Helmed by chef and owner Weldon Fizell, the gastronomic gurus at The Regatta of Cotuit infuse a menu of classic ingredients with inventive twists, earning accolades from Zagat, AAA, and Boston magazine. After finding seats in the 218-year-old mansion, taste buds stockpile rich flavors of seared Hudson Valley foie gras garnished with grilled rosemary bread and blackberry-brandy compote to rival luxurious stores inside Fort Knox. Tender Georges Bank sea scallops land on tables with a caramelized coat and an entourage of butternut-squash ravioli and pea tendrils dressed with brown butter. Ovens slowly roast lacquered half ducks to ensure a crispy skin that complements sides of ginger-scallion pancakes and sautéed asian vegetables. A sorbet intermezzo cleanses palates of edible echoes from previous courses before entrees and further represses memories of fallen soufflés from ages past. Postmeal cool downs commence as forks ferry dollops of key-lime mousse into mouths to surprise unsuspecting sweet teeth.
It would be impossible for just one chef to handle the entirety of Siena's massive menu of Italian eats. That's why executive chef Nick Jankowski works in close collaboration with his sous chef, Jill Sanger, to create the restaurant's hearty Old World flavors. Those run the gamut from handmade eggplant parmesan to italian meatloaf stuffed with provolone, spinach, and roasted red pepper. Before 16-inch pizzas go into the brick oven, they get topped with ingredients such as homemade meatballs, toasted garlic, and candied walnuts.
To accommodate all types of diners, Nick also alters many of his dishes for gluten-free and vegan patrons. Selections from a handpicked wine list can complement any meal, as can an extensive selection of classic and original cocktails. After meals, guests can settle their stomachs with specialty coffees, dessert martinis, or an 18-year Macallan single-malt scotch, the last chance for patrons to drink it before it goes off to college and stops calling.
Baccari's dishes out home-style helpings of lovingly prepared fare fit for mealtimes at any hour of the day. The family-owned-and-operated eatery keeps its robust breakfast menu available until 2 p.m., satisfying late risers needing nutrients after a long night of heckling constellations. Browse marauding hordes of omelettes ($6.75+) pancakes ($4.50+), and Belgian waffles ($6.95+) seeking to plunder tummies of their hunger troves. Dinnervores will prowl a palatable prairie of 16-inch pizzas ($11.95+), specialty burgers ($9.95), and sandwiches, as well as a herd of entrees including steak tips sided with your choice of rice pilaf, potato salad, or fries ($11.95).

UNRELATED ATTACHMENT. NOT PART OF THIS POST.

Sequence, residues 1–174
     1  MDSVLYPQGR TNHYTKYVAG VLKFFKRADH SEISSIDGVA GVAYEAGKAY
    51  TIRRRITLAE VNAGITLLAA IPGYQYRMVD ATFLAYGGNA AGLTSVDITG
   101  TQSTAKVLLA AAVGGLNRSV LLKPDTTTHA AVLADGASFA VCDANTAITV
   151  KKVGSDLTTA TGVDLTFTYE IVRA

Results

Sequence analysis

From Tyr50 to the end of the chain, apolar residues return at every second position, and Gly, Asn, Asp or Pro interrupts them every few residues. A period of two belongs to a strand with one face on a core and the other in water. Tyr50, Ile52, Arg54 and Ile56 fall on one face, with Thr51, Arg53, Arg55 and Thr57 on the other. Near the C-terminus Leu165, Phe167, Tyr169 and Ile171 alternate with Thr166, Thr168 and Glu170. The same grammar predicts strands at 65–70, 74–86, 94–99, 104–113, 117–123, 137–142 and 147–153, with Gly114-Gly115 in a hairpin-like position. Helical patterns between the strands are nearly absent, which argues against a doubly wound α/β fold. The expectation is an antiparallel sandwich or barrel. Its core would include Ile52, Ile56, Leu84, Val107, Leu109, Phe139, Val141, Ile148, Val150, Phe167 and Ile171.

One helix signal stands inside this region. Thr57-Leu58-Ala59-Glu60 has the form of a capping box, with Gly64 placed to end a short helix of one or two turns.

One of the most popular establishments featuring a cannonball hole from the War of 1812, The Nimrod Restaurant & Jazz Lounge serves upscale American cuisine within its historic walls hailing from the 17th and 18th century. Native pine, 16th-century brick fireplaces, and hand-hewn posts and beams surround guests as they feast on delicately prepared dishes, such as citrus shrimp, spinach salad, or stuffed sea scallops, by candlelight atop the elegant dining room’s white tablecloths. They can also take their meals on a screened-in patio adorned with decorative fishing nets. Most nights, as guests sip on a libation plucked from an extensive wine list, they can enjoy live music and tap toes in time to the sounds of a piano or a big band.
Within a vintage New England factory building, guests at RooBar drink and dine in a contemporary setting featuring exposed-steel beams, an open kitchen, and a custom-built wood-fired oven made of beach stone. The menu is made up of specialty burgers, pasta, and innovative dishes such as coffee- and wine-braised short ribs or scallop and bacon pizzas. And to complement these creative dishes, RooBar has cultivated a warm and inviting ambiance that Boston.com describes as “upscale, all right, but it feels more whimsical than snooty.”